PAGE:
Package on PyPI

Cybersecurity researchers have discovered a malicious Python package uploaded to the Python Package Index (PyPI) repository that's designed to deliver an information stealer called Lumma (aka LummaC2).

The package in question is crytic-compilers, a typosquatted version of a legitimate library named crytic-compile. The rogue package was downloaded 441 times before it was taken down by PyPI maintainers.

"The counterfeit library is interesting in that, in addition [to] being named after the legitimate Python utility, 'crytic-compile,' it aligns its version numbers with the real library," Sonatype security researcher Ax Sharma said.

"Whereas the real library's latest version stops at 0.3.7, the counterfeit 'crytic-compilers' version picks up right here, and ends at 0.3.11 — giving off the impression that this is a newer version of the component."


In a further attempt to keep up the ruse, some versions of crytic-compilers (e.g., 0.3.9) were found to install the actual package by means of a modification to the script.

The latest version, however, drops all pretense of a benign library by determining if the operating system is Windows, and if so, launches an executable ("s.exe"), which, in turn, is designed to fetch additional payloads, including the Lumma Stealer.

An information stealer available to other criminal actors under a malware-as-a-service (MaaS) model, Lumma has been distributed through diverse methods such as trojanized software, malvertising, and even fake browser updates.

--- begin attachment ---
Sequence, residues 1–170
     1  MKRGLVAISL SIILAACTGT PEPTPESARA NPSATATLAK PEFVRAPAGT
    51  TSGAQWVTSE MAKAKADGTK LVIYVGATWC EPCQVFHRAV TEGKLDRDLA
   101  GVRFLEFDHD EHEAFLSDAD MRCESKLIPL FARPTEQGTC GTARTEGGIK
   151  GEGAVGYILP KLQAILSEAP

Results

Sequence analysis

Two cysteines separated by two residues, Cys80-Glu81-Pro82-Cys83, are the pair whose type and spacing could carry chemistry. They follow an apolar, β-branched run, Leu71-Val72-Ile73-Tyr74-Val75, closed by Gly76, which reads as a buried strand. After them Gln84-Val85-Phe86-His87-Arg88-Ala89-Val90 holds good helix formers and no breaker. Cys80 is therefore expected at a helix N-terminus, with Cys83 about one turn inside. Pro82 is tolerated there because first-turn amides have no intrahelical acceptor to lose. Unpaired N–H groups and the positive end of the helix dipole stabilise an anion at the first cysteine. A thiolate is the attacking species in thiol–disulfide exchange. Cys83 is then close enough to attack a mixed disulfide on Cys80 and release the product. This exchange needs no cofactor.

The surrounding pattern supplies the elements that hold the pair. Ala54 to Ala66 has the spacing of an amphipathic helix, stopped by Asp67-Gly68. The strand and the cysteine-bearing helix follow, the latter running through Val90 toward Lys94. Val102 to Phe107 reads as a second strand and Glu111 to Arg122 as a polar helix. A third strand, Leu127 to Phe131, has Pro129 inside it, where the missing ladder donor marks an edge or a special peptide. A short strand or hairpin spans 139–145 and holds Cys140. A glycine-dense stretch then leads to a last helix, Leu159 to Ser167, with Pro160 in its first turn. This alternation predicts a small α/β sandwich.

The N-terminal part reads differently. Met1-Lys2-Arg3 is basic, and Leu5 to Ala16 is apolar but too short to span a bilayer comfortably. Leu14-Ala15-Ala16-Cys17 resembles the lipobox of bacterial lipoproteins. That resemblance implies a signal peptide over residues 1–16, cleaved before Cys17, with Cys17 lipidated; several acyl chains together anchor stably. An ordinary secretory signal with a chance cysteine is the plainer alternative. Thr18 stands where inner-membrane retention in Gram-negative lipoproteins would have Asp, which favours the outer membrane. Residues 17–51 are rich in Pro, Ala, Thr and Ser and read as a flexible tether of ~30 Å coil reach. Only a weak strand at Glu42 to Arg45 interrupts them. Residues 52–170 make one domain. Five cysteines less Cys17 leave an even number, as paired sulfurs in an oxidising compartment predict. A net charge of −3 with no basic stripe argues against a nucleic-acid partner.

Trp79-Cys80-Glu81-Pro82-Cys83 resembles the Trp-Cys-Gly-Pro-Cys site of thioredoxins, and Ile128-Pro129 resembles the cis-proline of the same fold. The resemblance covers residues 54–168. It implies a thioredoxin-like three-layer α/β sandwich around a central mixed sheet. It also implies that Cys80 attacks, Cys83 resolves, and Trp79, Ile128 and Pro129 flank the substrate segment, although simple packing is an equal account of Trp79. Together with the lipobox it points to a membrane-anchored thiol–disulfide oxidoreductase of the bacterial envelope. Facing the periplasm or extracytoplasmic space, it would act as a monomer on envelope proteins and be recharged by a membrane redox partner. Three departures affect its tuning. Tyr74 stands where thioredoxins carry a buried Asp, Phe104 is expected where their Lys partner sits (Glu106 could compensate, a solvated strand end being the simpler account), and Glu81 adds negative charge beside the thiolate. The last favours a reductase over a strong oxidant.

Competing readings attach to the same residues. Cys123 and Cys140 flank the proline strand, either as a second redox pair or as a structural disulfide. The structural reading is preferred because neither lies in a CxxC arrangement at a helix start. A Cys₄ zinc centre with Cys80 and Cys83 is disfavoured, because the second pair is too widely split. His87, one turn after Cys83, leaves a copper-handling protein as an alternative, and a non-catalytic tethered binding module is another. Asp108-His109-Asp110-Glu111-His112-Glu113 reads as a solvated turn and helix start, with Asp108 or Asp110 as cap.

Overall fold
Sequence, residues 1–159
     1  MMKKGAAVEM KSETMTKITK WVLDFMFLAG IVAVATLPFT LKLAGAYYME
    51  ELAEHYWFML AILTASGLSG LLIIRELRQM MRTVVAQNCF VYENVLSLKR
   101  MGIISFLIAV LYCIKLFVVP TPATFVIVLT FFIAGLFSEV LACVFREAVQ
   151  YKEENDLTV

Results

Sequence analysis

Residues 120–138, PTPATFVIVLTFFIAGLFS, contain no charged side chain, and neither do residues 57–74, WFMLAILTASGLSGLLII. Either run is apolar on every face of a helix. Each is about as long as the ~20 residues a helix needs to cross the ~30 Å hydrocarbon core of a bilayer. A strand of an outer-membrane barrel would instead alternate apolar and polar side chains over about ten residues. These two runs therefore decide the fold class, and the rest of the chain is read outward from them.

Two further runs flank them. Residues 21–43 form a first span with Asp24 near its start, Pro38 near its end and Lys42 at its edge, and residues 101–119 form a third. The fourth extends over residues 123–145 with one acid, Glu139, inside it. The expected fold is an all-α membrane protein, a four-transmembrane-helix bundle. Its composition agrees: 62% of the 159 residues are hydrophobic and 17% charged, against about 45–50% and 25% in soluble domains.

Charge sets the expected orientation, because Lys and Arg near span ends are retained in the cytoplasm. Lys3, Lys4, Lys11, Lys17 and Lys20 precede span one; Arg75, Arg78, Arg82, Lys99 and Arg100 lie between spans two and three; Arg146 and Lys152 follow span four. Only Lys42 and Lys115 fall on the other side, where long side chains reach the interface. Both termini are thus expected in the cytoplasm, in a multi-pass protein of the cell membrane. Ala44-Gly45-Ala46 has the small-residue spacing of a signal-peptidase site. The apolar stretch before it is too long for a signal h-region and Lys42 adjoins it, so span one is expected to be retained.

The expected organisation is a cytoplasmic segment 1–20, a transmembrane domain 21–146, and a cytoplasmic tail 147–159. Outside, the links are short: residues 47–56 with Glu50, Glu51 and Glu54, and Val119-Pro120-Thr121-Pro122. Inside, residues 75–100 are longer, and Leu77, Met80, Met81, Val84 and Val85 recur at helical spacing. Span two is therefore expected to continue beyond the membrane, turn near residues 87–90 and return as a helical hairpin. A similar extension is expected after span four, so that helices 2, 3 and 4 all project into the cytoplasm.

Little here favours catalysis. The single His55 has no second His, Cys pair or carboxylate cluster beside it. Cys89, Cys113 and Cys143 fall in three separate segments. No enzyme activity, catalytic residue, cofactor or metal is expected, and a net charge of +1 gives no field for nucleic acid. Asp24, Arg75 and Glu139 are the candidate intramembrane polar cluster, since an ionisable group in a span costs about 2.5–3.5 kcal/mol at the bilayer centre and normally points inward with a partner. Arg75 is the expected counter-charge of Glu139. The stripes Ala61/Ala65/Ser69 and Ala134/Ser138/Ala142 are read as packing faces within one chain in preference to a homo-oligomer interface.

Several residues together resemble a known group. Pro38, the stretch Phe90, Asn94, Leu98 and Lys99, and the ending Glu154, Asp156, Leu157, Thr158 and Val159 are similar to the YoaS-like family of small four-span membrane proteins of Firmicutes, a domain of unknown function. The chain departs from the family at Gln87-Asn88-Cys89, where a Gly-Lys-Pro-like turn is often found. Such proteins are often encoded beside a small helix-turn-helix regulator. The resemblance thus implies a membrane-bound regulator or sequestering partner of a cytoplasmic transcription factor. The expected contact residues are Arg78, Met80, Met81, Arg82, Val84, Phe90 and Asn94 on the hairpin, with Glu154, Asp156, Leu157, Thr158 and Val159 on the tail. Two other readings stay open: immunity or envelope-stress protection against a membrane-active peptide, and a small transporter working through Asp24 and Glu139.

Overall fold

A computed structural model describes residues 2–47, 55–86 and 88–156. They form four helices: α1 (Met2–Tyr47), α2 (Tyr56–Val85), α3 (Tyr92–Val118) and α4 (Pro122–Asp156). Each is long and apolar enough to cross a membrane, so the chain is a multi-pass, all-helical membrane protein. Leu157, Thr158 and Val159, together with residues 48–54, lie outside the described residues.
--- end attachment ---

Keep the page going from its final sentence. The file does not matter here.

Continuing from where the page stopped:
The discovery "demonstrates seasoned threat actors now targeting Python developers and abusing open-source registries like PyPI as a distribution channel for their potent data theft arsenal," Sharma said.

Fake Browser Update Campaigns Target Hundreds of WordPress Sites

The development comes as Sucuri revealed that more than 300 WordPress sites have been compromised with malicious Google Chrome update pop-ups that redirect site visitors to bogus MSIX installers that lead to the deployment of information stealers and remote access trojans.


Attack chains involve the threat actors gaining unauthorized access to the WordPress admin interface and installing a legitimate WordPress plugin called Hustle – Email Marketing, Lead Generation, Optins, Popups to upload the code responsible for displaying the fake browser update pop-ups.

"This campaign underscores a growing trend among hackers to leverage legitimate plugins for malicious purposes," security researcher Puja Srivastava said. "By doing so, they can evade detection by file scanners, as most plugins store their data within the WordPress database."

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